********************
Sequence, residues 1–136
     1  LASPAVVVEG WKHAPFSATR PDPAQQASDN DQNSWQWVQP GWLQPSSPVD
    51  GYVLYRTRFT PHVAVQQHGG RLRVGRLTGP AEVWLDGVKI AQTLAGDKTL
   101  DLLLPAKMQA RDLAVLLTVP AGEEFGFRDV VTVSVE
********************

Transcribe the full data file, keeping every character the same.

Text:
Sequence, residues 1–136
     1  LASPAVVVEG WKHAPFSATR PDPAQQASDN DQNSWQWVQP GWLQPSSPVD
    51  GYVLYRTRFT PHVAVQQHGG RLRVGRLTGP AEVWLDGVKI AQTLAGDKTL
   101  DLLLPAKMQA RDLAVLLTVP AGEEFGFRDV VTVSVE